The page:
Cutting Garlock gasket material


#1

I am fixing an old hydraulic press and needed to cut a few simple gaskets.
The material is called Garlock performance 3000.
This stuff is great if you need to make your own gaskets for older cars and the like.
I got mine from McMaster-Carr, but Amazon has it as well.
It cut beautifully at full power and a speed of 300.


#2

Great use of the GF! How nice to be able to custom cut your own gaskets.


#3

Is that like a rubbery material? Or more of a felt?
(We are always needing gaskets of one kind or another around here.)


#4

It is rubber with aramid (sort of like kevlar or nomex) fibers mixed in and it withstands high temps and all kinds of chemicals.
https://www.garlock.com/en/products/blue-gard-style-3000

You can make quite reasonable gaskets for a lot of purposes out of thin cardboard (i.e. cereal box type stuff).


#5

Wow. Great minds think alike. I used this stuff to make gaskets for my flood coolant setup.


#6

Yep, that’s the stuff although you linked to the 1/16" version and I wanted 1/64".

I absolutely detest trying to find what I want in the Amazon interface, so I just use McMaster-carr. The price is pretty similar and I <3 that company.


#7

This is a very bad idea. here is the health statement from garlock-

Harmful and / or toxic vapors may be produced in the event of thermal decomposition. This
product contains constituents that can cause lung and respiratory tract disorders, including
irritation, pneumoconiosis and cancer.

This material is typically processed using an atom cutter which is a vibrating knife because heat causes very bad fumes.


#8

I am not sure where you are sourcing your data, but I was unable to find any conclusive results on the dangers of laser cutting aramid fibers before I attempted this.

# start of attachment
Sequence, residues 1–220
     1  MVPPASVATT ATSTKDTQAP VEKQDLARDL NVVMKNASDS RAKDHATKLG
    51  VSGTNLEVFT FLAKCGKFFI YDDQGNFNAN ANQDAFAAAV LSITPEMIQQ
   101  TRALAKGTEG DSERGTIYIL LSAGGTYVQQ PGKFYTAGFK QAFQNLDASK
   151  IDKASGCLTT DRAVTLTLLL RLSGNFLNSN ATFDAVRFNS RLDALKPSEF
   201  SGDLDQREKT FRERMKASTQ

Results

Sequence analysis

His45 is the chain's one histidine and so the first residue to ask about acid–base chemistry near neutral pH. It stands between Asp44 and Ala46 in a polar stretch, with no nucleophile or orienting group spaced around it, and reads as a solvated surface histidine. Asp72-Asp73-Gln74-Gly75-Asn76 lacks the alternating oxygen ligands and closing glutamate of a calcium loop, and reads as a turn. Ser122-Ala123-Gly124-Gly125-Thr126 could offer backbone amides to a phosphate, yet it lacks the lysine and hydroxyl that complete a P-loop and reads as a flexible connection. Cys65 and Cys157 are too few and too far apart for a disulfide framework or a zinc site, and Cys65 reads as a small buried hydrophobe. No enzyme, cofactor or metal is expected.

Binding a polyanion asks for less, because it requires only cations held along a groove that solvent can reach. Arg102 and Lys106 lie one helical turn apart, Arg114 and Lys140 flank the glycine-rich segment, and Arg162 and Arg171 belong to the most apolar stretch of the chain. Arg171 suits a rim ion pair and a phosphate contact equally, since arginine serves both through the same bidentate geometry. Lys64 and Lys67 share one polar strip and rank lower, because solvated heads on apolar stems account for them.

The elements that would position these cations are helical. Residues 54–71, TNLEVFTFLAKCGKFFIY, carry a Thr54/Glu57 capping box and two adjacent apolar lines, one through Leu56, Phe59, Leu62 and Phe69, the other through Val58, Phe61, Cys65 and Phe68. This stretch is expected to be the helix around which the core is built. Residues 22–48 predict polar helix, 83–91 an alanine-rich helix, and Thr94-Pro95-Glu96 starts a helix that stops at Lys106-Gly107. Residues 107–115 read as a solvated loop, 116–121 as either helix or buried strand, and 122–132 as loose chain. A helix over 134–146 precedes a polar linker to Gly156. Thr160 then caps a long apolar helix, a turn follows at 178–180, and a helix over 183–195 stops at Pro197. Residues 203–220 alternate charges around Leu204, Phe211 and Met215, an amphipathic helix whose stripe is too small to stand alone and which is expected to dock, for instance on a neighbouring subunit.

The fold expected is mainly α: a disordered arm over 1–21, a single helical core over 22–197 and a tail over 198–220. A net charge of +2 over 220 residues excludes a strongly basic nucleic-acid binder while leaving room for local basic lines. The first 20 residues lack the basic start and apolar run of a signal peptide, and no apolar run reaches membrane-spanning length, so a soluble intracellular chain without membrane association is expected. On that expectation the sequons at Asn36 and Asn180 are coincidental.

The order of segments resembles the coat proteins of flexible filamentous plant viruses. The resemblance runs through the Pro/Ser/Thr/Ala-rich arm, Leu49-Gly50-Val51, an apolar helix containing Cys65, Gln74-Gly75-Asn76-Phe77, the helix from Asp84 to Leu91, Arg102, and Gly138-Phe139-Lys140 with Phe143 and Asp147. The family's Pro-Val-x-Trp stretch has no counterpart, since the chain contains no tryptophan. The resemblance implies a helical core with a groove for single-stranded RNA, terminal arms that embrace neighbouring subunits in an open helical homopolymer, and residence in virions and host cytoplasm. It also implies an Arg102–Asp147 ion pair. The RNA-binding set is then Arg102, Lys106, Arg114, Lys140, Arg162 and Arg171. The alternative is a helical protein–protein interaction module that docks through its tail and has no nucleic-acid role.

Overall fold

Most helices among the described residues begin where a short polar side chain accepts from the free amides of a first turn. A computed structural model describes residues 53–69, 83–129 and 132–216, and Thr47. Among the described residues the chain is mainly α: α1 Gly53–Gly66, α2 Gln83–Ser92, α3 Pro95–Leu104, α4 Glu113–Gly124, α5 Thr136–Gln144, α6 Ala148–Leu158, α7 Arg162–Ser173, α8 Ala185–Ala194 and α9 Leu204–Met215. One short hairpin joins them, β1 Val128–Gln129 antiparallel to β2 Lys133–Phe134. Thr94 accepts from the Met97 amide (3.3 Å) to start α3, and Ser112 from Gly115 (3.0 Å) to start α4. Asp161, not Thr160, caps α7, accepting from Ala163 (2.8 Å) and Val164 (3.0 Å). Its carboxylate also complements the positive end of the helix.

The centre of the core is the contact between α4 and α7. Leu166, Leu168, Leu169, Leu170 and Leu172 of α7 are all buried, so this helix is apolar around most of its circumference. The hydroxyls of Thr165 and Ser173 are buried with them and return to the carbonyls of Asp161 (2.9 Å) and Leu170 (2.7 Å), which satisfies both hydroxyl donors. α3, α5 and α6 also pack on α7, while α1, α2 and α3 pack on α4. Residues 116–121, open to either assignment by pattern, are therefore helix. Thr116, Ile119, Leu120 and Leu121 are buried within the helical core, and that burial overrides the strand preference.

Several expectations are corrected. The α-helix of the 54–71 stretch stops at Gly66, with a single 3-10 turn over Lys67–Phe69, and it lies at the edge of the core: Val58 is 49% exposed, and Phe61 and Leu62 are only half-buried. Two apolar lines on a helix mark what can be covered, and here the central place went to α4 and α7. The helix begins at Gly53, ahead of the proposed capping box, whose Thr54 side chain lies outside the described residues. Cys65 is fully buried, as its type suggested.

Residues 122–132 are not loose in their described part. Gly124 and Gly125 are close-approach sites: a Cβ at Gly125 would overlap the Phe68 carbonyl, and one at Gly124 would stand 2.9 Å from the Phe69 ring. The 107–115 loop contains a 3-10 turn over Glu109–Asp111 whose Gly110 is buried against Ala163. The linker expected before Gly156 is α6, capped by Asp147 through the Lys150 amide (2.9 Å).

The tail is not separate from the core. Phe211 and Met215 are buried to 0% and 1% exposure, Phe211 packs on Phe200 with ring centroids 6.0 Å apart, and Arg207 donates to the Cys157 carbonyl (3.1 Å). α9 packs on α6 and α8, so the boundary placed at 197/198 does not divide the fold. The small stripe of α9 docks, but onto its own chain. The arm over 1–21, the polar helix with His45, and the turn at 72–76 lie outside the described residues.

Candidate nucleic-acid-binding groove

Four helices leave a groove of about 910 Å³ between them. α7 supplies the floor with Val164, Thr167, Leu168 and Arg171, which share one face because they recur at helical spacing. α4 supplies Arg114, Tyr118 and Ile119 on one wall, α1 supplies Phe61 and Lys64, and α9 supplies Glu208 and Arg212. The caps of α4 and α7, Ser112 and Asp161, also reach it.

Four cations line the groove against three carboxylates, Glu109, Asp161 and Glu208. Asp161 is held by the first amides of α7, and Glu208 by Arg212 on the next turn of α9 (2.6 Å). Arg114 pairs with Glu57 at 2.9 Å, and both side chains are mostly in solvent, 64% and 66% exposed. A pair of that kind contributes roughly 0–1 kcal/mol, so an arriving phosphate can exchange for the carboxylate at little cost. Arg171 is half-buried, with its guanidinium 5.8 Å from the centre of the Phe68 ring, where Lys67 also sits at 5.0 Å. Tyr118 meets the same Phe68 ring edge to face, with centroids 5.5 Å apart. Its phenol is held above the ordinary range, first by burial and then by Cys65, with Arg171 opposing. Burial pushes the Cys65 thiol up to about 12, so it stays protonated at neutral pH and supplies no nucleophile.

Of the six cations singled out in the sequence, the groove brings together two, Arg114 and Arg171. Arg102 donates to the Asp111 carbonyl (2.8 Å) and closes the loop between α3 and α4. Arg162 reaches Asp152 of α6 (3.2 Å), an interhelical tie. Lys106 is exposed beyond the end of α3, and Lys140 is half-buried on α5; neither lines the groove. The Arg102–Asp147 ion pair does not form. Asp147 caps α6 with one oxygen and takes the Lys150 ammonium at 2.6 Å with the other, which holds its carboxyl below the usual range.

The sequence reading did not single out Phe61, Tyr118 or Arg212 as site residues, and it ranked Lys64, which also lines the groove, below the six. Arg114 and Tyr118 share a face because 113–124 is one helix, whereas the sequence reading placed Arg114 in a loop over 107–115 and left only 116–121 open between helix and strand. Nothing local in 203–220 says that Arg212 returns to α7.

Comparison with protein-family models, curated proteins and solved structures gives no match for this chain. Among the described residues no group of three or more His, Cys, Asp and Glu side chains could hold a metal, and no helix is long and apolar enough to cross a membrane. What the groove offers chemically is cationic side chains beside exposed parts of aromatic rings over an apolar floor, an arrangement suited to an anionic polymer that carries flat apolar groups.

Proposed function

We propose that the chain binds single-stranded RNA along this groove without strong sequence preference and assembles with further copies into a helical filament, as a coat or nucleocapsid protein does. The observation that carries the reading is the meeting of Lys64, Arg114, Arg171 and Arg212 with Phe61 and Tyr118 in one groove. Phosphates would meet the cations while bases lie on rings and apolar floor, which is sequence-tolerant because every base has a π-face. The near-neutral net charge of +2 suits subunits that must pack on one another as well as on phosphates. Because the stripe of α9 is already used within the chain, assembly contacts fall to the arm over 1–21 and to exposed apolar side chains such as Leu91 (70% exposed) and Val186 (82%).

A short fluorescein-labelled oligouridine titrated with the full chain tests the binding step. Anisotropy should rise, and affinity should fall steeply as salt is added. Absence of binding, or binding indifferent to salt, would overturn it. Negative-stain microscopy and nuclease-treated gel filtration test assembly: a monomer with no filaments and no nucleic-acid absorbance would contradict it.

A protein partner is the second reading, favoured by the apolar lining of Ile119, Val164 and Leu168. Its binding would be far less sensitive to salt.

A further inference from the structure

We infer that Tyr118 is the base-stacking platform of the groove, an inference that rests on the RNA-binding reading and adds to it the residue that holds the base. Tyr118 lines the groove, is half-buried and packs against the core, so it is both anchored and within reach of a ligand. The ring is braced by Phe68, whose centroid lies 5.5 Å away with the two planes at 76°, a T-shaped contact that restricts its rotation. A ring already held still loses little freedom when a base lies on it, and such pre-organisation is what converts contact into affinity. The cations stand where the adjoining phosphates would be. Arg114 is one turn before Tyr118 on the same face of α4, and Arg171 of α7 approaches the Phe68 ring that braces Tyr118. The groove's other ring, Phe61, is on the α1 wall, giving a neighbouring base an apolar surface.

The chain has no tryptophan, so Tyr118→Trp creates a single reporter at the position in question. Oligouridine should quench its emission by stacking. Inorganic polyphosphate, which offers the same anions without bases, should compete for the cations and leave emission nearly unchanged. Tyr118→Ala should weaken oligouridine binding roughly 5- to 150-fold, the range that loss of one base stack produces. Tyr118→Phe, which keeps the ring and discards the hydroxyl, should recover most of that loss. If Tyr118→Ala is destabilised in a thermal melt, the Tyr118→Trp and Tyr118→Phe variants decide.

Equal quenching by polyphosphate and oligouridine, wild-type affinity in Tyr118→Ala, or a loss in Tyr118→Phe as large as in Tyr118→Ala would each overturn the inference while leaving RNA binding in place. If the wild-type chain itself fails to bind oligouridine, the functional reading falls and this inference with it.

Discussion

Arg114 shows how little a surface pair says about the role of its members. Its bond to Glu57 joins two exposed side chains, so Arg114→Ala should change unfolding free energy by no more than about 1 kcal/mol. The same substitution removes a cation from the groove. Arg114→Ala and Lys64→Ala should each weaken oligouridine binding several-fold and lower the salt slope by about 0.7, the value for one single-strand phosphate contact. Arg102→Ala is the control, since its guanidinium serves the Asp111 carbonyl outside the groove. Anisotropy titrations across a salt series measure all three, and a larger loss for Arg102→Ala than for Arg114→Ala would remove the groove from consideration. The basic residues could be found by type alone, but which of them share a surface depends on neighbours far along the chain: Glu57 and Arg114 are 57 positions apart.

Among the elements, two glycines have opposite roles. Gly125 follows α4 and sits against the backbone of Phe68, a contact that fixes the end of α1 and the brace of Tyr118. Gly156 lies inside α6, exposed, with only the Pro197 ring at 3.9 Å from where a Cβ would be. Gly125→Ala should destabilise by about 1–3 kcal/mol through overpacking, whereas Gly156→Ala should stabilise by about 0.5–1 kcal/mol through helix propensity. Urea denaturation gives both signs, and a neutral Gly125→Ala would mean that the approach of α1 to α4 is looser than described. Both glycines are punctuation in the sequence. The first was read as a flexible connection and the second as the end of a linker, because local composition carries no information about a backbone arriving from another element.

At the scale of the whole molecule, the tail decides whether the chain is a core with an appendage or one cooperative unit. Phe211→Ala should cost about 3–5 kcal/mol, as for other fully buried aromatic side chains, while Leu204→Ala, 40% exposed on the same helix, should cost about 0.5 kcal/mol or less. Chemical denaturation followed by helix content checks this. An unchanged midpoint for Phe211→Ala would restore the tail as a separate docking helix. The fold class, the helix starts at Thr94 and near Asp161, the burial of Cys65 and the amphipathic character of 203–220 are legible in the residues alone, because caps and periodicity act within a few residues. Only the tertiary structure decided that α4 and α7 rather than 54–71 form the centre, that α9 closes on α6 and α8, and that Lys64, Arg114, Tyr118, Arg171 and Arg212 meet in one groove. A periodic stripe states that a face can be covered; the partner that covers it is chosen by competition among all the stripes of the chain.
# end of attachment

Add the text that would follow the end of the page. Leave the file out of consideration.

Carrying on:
I looked into cutting both kevlar and nomex, and they are both regularly cut with CO2 lasers in industrial settings. The fumes are not noted as being particularly dangerous in ANY of the MSDS documents I read.
To quote the Dupont MSDS for Nomex aramid…

Burning NOMEX® and KEVLAR® produce hazardous gases similar to those from wool.

These are mostly carbon monoxide, carbon dioxide, nitrogen oxides and small amounts of hydrogen cyanide, ammonia, aldehydes, aliphatic hydrocarbons and other toxic gases depending on conditions of burning.

http://hazard.com/msds/mf/dupont/nomex.html
https://www.ulsinc.com/materials/nomex

I found some documentation of a potential inhalation risk from the short fibers produced, but I am personally comfortable given the amount of ventilation the Glowforge provides.

Note that the source for that link is a company that MANUFACTURES air cleaners/filters.

You are welcome to choose your own level of concern, but you should really do some research and avoid scaring people unnecessarily.


#9

Its up to you to expose yourself to possibly harmful compounds. There is more than aramid fiber in that material. sure you may feel that its safe provided the ventilation is good for you indoors but what about your putting outside?

Here is the SDS that you should be looking at- https://public.sitehawk.com/viewpdf.aspx?MaterialID=1524628&facilityID=236&UseCatalog=True

Dupont has nothing to do with the Bluegard 3000 material.

I have done the research, its not advised to cut that material with a laser.


#10

Dupont manufactures the aramid fibers.
The other “hazardous” material listed in the SDS is crystalline silica.
:man_facepalming:
My conscience is OK with exhausting that outside.